The Poet-Sandalmaker of Athens
A poet, a playwright, and a sandalmaker by trade, Stavros Melissinos is known worldwide for excelling in all three fields.
Stavros began writing while in the army. His friends would want to send letters home to their sweethearts in the form of short poems. Stavros would fix their verse; thus the beginning of a writing career. Since then he has written 5 plays and over 15 books of poetry. The Rubaiyat, at 127 stanzas, written in 1959, is, to this day, studied in major universities throughout the world. And he's quite proud that his play, Chastity Belt, was banned in Greece when it originally was published.
He's made sandals for Sophia Loren, the Beatles, back in the late 60's, and many other swells, including me, some 30 years ago.
I first met Stavros in 1969. I had been in the U.S. Navy and Athens was one of the ports of call. In the shadows of the Acropolis there is a shopping area known as the Plaka where artisans and local merchants sell their wares. I stood in front of the cluttered shop and looked at the sign, The Poet-Sandalmaker of Athens. Once inside, I could tell these were no ordinary sandals, even though they were quite reasonable. There was something about them, perhaps, the poet was putting a piece of his soul into each pair he handmade. And the designs were based on historical footwear. Plato and Aristotle surely wore sandals like these.
Stavros sat me down and measured my feet while we engaged in small talk. He then went to his work station and in a half hour I had the most beautiful pair of sandals, sandals which I wore for 30 years. Many times my friends would say, "where did you get those sandals?" And I would proudly say, "Stavros Melissinos, the Poet-Sandalmaker of Athens, made them for me." Alas, they finally wore out 2 years ago.
I booked a Mediterranean cruise about 6 months ago and one of the ports of call is Athens. And I thought, now, would it, or could it be possible that Stavros is still in business? Or, maybe his son has taken over? No. Times change, people get older, sons become doctors nowadays. Oh well, wishful thinking.
We arrived in Athens and after visiting the Acropolis we headed over to the Plaka. I didn't even remember where his shop was. There are so many streets that it's like a maze. We were strolling down Pandrossou Street, and I said to my travel companion, "I feel something. I feel like I'm zeroing in." And we chuckled. Could the Greek Gods be directing me? I actually did feel something, perhaps deja vu?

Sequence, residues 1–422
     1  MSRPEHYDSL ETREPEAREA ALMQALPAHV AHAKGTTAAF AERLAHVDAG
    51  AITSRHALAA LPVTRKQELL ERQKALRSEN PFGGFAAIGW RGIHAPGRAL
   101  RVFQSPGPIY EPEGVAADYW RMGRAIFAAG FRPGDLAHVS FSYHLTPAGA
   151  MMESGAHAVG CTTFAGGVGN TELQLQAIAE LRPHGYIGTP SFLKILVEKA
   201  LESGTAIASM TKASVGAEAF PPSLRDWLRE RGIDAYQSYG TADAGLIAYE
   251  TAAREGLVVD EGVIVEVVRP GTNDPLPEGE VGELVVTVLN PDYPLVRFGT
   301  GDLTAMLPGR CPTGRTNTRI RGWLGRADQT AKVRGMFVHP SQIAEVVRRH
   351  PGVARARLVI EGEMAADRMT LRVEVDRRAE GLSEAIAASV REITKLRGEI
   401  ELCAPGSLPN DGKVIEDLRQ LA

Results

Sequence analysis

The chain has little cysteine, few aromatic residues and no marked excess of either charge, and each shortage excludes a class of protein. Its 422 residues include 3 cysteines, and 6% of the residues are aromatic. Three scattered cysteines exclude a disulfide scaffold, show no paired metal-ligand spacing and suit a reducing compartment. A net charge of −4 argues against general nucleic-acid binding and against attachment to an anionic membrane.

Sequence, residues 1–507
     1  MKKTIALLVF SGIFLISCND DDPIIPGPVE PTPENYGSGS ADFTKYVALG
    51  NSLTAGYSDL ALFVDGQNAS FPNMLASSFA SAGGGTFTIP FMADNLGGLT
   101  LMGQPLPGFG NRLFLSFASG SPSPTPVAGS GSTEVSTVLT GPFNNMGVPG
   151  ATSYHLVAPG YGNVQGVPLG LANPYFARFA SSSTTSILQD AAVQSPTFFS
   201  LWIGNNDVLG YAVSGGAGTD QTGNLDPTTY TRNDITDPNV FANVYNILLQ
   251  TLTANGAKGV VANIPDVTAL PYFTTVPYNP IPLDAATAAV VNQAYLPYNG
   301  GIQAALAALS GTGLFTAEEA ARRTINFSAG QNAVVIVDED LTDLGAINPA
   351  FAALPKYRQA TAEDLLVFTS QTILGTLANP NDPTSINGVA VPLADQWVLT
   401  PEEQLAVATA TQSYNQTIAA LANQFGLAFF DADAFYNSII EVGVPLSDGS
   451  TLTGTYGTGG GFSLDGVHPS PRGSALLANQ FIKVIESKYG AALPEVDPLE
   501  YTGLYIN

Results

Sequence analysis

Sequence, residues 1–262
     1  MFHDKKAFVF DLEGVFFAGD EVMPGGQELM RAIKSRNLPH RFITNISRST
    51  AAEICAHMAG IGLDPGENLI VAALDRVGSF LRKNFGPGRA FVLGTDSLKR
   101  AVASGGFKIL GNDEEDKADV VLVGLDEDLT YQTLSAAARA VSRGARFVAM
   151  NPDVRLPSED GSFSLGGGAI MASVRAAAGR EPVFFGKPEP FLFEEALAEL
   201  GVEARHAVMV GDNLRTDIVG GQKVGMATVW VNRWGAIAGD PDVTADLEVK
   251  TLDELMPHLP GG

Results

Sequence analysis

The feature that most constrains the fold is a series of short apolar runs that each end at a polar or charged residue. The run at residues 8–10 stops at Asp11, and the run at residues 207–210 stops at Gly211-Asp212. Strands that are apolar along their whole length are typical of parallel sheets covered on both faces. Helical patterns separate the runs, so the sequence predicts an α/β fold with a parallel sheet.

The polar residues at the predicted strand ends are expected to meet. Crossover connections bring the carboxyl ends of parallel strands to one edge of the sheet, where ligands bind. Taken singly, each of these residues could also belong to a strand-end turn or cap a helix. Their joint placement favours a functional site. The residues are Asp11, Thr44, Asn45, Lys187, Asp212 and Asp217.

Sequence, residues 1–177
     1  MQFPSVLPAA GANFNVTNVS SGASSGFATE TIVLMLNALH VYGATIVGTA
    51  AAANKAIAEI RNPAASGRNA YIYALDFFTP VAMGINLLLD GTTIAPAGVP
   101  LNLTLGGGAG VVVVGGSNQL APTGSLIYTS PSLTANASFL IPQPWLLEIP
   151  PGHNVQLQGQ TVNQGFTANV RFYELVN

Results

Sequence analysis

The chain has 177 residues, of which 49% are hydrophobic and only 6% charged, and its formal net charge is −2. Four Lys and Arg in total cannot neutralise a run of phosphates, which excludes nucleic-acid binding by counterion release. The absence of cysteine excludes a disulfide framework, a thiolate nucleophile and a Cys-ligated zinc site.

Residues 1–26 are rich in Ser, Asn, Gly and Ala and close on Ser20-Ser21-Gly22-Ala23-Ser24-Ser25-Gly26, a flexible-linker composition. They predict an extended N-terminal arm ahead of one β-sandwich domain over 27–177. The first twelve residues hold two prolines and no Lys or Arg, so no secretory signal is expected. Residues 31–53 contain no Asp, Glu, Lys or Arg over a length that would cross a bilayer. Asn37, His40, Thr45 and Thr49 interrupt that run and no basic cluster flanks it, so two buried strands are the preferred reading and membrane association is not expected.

Halfway down the next block at number 89 I see it, the sign, "Poet." And there, lo and behold, is the shop of the Poet-Sandalmaker of Athens. And I'm thinking, could it be possible? It can't be; they'll be machine made, the shop run by a relative. Stavros would be 75 by now. I walk in. Absolutely nothing has changed. Customers are milling about. I see an elderly man at the cobbler station and I walk over.
"You made me sandals 32 years ago, and they've worn out."
We chuckled and the other shoppers joined our laughter. After some reminiscing I told him what I wanted, or what I had, and he sat me down and measured my feet.
"Make me two pair, Stavros. I figure they'll last me 60 years." My friend also sat for a fitting.
Stavros went to his cobbler station, and we went to lunch. Two hours later we return and pay him $17.00 for each pair. He does a final fitting to make sure they're just right.
He places the sandals in a bag and instead of a receipt, he gives all of his customers a copy of his latest work, ISIS, and Other Poems.
HOW SMALL! HOW GREAT!
A mixed orchestra in New York, the soloist: Chinese,
Russian composer, all together on the wind's wings
And I, the listener - a Greek, shed tears in Athens
How Small, how Great your world God really is.
A fellow passenger on the ship asks where did I get the new sandals.
I smile and say, "Stavros Melissinos, the Poet-Sandalmaker of Athens made them for me."